Sit-Stand and Treadmill Desks: Antidote to Heart Attack and Stroke?

Proponents warn of dangers from prolonged sitting at desks

By Dana Wilkie Sep 6, 2013
Most U.S. employees—even if they jog three miles before coming to work—spend so much of their day at desks they might as well be smokers, according to Steve Bordley.

That may sound extreme, but medical research supports Bordley, who got into the business of selling treadmill desks 20 years ago after a hunting-gun accident shattered his right leg and left him largely sedentary for two years.

“Anybody who thinks they can run in the morning and then sit eight hours a day, they’ve more than undone any health advantages of running,” said Bordley, CEO of Phoenix-based TrekDesk. “We’ve been evolving over a couple hundred thousand years to stay in motion, not to sit in one place. It puts undue pressure on the heart, causes varicose veins and puts strain on the back.”

Anecdotal evidence indicates that sit-stand and treadmill desks are becoming increasingly popular in the workplace as employers try to accommodate those recovering from occupational injuries as well as workers who want to avoid the maladies associated with prolonged sitting, said Sue Davis, director of employee safety and health administration at the Ohio Bureau of Workers’ Compensation.

Davis was part of an HR team that, two years ago, introduced a handful of sit-stand desks to her bureau for injured workers who needed to stand periodically. Today 60 bureau employees use them (not all have injuries), and there’s a waiting list.

“We have employees who are asking for them because they feel better standing, and everything we’re reading indicates that sitting all day is unhealthy,” Davis said. “It’s literally killing us slowly.”

The U.S. Surgeon General recommends that Americans walk at least 10,000 steps (or about 90 minutes at a brisk pace) every day. If every American walked this much, the rate of initial heart attacks in the nation would drop by 90 percent and the rate of strokes would decline by 70 percent, reports the American Heart Association.

Most Americans take about 5,000 steps a day, Bordley noted.

“Think about a garden hose and how freely water comes out when it’s not kinked,” Davis said. “Once it’s kinked, this restricts the flow. The same is true when you’re sitting. Not only are you kinked at the waist but also at the knee. Think what that does to the blood flow throughout the body.”

Sedentary-Lifestyle Health Risks

Research published in the April 19, 2011, issue of the Journal of the American College of Cardiology shows that prolonged sitting is linked to increased risk of heart disease, obesity, diabetes, cancer and even early death and could be just as dangerous as—if not more so than—smoking.

Another study published in the March 2012 issue of the Archives of Internal Medicine found that prolonged sitting increases the risk of death.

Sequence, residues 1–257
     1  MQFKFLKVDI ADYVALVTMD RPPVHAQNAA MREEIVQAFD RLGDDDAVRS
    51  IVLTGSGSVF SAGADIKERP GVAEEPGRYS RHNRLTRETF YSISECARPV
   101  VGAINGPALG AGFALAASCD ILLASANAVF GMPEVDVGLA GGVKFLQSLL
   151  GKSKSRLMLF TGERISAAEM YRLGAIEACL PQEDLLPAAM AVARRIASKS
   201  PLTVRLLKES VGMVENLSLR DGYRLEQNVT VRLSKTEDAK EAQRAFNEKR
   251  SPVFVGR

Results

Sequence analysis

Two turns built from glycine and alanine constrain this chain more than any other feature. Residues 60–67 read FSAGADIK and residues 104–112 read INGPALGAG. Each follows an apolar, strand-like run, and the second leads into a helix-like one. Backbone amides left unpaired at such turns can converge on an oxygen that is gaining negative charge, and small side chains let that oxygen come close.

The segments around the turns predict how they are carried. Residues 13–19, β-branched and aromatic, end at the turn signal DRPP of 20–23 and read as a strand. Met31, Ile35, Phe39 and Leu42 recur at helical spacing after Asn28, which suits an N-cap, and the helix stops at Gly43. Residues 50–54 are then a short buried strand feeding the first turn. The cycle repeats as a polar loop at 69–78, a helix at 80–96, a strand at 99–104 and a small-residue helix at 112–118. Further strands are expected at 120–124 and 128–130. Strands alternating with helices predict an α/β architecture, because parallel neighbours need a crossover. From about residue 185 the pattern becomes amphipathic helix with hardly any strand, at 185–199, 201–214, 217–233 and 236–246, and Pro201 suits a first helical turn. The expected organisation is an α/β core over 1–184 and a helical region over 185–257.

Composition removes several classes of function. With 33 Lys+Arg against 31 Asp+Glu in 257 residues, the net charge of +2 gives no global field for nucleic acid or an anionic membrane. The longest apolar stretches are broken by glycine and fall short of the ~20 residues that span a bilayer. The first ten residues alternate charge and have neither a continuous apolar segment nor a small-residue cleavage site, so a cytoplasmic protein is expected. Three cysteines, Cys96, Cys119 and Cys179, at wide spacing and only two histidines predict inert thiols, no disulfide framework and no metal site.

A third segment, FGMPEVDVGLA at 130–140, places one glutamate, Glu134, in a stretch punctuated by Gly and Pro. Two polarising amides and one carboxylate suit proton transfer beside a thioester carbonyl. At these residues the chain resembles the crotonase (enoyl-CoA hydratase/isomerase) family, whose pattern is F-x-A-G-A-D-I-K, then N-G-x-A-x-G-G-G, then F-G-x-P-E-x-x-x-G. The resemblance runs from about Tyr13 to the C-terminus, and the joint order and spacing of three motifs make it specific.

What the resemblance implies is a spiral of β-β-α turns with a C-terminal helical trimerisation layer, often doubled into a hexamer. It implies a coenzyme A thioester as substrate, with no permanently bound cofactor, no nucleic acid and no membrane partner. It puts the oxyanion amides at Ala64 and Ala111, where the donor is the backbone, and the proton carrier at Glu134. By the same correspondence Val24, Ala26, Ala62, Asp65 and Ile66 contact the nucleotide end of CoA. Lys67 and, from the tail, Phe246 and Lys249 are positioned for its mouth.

And in a 2004 study by Intel Corp., four out of five workers said they preferred to work at electric, adjustable stations that allowed them to stand at their computers part of the day. The same study found that people with such stations chose to stand at their computers about 20 percent of the time.

The standard sit-stand desk adjusts to a worker’s position, either electronically or by using a manual crank, and runs from $900 to $1,200. Each desk in Davis’ bureau has an anti-fatigue mat and costs about the same as the bilevel desks that many bureau employees already use. In bureau surveys, employees reported improvements in mental focus and clarity, better circulation, and less back, foot and leg pain.

The treadmill desk typically attaches to a customer’s existing treadmill and can slide out of the way when not needed. Bordley sells them for $479, which doesn’t include installation. According to him, about 20 percent of his sales are to companies and most Fortune 500 companies have them for at least some workers.

There are skeptics, Davis and Bordley admitted. Among them are employers.

“We get so many e-mails from people saying ‘I want to get a treadmill desk, but my boss is saying no,’ ” Bordley said. “Insurance companies seem to be pushing back a bit. They [think] someone’s going to be running on it at six or seven miles an hour.”

Most workers using treadmill desks walk at a rate of 1 to 1.5 miles per hour.

“It’s not about elevating your heart rate,” Bordley explained. “If you’re walking at that pace, not only can you read; you can type well.”

Bordley also notes that workers unaccustomed to walking should use the desks for about only 15 minutes a day, then gradually work up to longer periods on the treadmill.

“A lot of people think this is great, and they take off and do 15,000 steps, and they’re going to get sore,” he cautioned.

Productivity Boost?

Some employers question whether workers can be productive while standing or walking.

A May 2013 study in the journal Obesityindicates that worker productivity isn’t compromised—and might actually improve—when people use sit-stand or treadmill desks. The study of 36 sedentary workers at a Minnesota financial services company found that while there was a slight decline in productivity during the first three to five months, after a year the employees were more productive than when they sat at traditional desks. Moreover, there were no reported injuries, and obese employees lost more weight than their lean counterparts.

Dana Wilkie is an online editor/manager for SHRM.

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